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Health minister's announcement on public inquiries welcome

Health minister Robin Swann has moved with remarkable speed to order a public inquiry after serious concerns were raised about the clinical practice of Craigavon Area Hospital-based consultant urologist Aidan O'Brien, who retired earlier this year.

It was only last month that this newspaper's health correspondent revealed that a major patient recall was to take place after a review into the clinician's work at the Southern trust, with the minister revealing yesterday that hundreds of families have been contacted.

In a statement to the assembly, Mr Swann said on July 31 the trust reported concerns to the department of health regarding treatment delays for some surgery patients under the consultant's care.

After a review of more than 1,000 patients, nine have so far been identified as meeting the threshold for a serious adverse incident review.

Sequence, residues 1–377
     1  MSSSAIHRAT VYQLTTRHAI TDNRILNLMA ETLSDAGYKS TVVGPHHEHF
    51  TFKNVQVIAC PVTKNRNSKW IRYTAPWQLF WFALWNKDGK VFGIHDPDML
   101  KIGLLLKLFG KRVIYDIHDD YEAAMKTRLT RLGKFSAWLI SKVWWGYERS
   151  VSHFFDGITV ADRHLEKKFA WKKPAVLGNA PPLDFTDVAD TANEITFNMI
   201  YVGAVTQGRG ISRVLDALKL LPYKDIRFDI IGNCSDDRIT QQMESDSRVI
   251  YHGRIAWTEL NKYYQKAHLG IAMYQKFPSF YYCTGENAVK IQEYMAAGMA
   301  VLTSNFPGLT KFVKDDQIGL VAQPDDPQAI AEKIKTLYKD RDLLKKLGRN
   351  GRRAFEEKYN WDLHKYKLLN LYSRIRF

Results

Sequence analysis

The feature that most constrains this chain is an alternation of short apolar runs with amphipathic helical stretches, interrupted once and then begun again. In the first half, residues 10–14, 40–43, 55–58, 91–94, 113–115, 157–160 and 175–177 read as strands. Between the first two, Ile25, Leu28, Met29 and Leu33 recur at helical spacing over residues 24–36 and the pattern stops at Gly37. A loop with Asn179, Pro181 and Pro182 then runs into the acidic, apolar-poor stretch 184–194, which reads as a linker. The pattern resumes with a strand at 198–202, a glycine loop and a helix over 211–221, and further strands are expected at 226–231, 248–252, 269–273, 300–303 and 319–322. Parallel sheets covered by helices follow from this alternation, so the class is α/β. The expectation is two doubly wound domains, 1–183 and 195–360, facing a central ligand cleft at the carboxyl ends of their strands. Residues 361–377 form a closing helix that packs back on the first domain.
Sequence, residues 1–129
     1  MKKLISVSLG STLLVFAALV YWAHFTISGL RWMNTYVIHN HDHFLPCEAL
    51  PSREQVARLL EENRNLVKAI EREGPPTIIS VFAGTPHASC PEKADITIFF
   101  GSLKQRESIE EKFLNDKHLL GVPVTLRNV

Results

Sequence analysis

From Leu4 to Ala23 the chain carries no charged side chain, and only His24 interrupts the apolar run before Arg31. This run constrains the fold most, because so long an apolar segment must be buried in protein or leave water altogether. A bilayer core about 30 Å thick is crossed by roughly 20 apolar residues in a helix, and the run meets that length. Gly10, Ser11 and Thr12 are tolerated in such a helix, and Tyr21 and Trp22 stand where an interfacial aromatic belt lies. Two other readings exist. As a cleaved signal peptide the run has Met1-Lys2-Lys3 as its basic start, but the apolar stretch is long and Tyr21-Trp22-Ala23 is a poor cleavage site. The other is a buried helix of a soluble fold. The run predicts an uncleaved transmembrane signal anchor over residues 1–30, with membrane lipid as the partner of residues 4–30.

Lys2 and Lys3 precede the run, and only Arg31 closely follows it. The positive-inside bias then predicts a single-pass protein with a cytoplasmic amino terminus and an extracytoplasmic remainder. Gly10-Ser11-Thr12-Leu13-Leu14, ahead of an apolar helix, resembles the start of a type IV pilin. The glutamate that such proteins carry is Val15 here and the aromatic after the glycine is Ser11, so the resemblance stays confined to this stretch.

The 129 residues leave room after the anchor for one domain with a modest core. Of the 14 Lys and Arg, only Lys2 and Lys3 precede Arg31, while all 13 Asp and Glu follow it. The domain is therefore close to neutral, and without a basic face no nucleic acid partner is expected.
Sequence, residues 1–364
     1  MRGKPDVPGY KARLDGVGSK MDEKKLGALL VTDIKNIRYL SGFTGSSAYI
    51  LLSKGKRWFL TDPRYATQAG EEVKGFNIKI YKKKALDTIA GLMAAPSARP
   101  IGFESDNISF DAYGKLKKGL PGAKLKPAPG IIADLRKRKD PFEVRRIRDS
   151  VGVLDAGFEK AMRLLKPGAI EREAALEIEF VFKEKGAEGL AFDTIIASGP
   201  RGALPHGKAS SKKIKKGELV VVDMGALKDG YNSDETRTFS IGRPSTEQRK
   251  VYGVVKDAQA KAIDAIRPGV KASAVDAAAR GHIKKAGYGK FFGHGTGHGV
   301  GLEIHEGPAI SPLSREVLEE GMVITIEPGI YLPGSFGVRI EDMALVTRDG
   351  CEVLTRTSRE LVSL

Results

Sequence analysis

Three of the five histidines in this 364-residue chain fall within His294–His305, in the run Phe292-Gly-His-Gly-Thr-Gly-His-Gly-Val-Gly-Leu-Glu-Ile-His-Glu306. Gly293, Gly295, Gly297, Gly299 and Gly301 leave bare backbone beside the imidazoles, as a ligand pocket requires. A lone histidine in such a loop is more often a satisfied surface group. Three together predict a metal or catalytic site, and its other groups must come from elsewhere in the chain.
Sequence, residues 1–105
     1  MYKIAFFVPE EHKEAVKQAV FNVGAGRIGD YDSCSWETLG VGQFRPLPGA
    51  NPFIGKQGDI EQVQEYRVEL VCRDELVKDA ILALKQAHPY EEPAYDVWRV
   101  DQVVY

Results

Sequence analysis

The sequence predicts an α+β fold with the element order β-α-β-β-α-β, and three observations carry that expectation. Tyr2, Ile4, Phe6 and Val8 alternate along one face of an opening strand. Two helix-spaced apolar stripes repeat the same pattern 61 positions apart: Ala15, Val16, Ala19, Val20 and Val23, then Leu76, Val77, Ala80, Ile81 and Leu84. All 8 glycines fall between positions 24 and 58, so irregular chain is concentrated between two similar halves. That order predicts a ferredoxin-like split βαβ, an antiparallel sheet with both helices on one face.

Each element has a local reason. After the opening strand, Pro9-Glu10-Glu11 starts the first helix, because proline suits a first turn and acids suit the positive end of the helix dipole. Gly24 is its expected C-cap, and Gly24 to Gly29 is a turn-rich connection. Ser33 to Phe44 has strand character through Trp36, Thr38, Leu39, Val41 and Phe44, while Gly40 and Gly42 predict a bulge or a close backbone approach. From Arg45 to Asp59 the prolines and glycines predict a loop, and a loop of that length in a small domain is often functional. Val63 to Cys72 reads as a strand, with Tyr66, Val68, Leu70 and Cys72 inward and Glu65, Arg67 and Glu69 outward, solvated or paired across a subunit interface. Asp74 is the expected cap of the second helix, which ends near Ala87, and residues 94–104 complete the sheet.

This is plainly a profoundly worrying time for patients and their families and the minister is to be commended for acting quickly to establish a public inquiry.

In a further unexpected move, he also announced that the current independent inquiry into neurologist Dr Michael Watt, who was at the centre of the biggest patient recall in Northern Ireland, has been upgraded to a public inquiry, which will have the power to compel witnesses to give evidence.

The establishment of a public inquiry also sends out a strong message that there is an overriding determination to uncover the full truth about matters that directly relate to the care and treatment of patients.

Although the decisions disclosed yesterday are welcome, they are also highly unusual as the health authorities here have shown a marked reluctance to set up public inquiries, which can be far-reaching in terms of their findings.

Indeed, the decision to establish such an inquiry into the scandal at Muckamore Abbey Hospital only occurred following intense and prolonged pressure by the families of patients amid shocking allegations of abuse and ill-treatment at the Co Antrim facility.

The fact that the health service in Northern Ireland is now facing three public inquiries at one time inevitably raises wider questions about oversight and governance in our healthcare system.

It is absolutely vital we discover what has gone wrong and why, but also to ensure that any problems in our system are identified and addressed at an early stage.

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